In the latest issue:

In Quarantine

Erin Maglaque

Après Brexit

Ferdinand Mount

Short Cuts: Springtime for Donald

David Bromwich

Meetings with their Gods

Claire Hall

‘Generation Left’

William Davies

At the North Miami Museum: Alice Paalen Rahon

Mary Ann Caws

Buchan’s Banter

Christopher Tayler

‘American Dirt’

Christian Lorentzen

Fiction and the Age of Lies

Colin Burrow

In Lahore

Tariq Ali

GOD HATES YOUR FEELINGS

James Lasdun

Rereading Bowen

Tessa Hadley

At the Corner House

Rosemary Hill

William Gibson

Thomas Jones

Poem: ‘Murph & Me’

August Kleinzahler

The Stud File

Kevin Brazil

John Boorman’s Quiet Ending

David Thomson

In Shanghai: The West Bund Museum

John-Paul Stonard

Diary: The Deborah Orr I Knew

Jenny Turner

Close
Close

        Yes, another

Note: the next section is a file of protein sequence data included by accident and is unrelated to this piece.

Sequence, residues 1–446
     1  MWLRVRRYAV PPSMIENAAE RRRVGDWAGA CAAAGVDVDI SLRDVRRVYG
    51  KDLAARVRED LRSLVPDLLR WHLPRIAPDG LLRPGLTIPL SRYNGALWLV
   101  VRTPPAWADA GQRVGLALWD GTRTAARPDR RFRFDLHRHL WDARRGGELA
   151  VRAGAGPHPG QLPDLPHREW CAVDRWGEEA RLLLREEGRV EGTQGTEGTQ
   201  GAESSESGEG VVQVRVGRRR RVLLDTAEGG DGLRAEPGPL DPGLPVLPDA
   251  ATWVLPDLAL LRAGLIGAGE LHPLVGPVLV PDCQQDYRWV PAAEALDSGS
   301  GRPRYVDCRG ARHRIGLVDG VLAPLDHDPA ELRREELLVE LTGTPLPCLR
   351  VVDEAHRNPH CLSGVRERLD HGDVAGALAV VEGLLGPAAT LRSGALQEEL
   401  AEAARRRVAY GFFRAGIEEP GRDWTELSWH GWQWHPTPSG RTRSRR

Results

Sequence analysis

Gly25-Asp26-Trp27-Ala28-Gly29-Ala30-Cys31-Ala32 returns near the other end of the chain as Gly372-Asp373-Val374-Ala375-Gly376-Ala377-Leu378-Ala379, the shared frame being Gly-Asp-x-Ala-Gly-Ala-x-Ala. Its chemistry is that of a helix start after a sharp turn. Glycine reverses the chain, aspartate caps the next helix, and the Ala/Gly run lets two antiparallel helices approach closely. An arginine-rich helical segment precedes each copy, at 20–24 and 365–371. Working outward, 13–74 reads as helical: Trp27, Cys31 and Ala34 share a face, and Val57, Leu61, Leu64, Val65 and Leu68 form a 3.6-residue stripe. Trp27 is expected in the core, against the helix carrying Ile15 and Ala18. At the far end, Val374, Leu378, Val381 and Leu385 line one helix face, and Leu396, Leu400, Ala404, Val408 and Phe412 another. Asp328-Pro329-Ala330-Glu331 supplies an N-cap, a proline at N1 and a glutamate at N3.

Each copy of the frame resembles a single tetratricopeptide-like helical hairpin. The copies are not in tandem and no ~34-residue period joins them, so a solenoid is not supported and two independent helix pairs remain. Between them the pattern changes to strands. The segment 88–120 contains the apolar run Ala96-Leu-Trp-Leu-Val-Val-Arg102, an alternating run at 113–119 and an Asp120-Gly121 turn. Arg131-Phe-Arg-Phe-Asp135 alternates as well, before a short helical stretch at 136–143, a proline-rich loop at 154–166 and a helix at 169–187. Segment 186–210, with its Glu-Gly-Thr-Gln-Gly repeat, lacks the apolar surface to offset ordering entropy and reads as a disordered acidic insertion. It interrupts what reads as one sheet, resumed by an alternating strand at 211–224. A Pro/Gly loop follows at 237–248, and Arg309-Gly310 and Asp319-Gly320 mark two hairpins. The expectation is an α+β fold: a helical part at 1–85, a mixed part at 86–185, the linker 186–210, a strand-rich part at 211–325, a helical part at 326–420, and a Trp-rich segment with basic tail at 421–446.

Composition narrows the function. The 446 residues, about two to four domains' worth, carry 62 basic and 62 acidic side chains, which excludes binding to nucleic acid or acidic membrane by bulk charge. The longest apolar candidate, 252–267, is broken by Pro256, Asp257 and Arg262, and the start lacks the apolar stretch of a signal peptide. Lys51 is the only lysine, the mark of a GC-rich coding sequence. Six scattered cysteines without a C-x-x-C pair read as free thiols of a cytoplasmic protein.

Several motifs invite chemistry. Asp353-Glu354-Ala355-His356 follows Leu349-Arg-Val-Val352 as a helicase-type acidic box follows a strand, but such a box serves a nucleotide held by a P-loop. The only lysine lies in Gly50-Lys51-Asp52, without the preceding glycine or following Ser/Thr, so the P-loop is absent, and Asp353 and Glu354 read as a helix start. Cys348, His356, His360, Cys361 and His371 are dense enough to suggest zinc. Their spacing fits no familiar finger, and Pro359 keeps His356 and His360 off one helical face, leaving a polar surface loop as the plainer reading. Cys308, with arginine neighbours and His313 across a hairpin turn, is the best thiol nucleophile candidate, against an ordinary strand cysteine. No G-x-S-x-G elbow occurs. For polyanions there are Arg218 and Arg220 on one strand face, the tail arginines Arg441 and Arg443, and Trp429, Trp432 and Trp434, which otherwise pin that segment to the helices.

poem about flowers and kids. Our son
thinks this one is a ball,
or full of balls: like jesters’ caps with bells,
one for each stem, or old pawnbrokers’ signs,
the lot next door in rainy April weather
dangles, and then in sunlight lifts, what he
believes he ought to pluck and grasp and throw,

if we would let him. Little does he know
how each bud, given cues
from symbiotic ants, will open up
pink surface after surface, flagrant scraps
of incandescent fabric coming loose
like grown-ups’ lives or last month’s local news,
like promises, or generosity,
or overuse. So soon it isn’t fair,

what he could take in his small fist all spring
and shake in anger when we told him no –
that is, don’t touch them – nods, and will agree
to share its colours: still unravelling,
curled up against its core,
each of the heavy flowers starts to be
a casualty of gravity, so low
it looks ashamed, as if the earth expected more.

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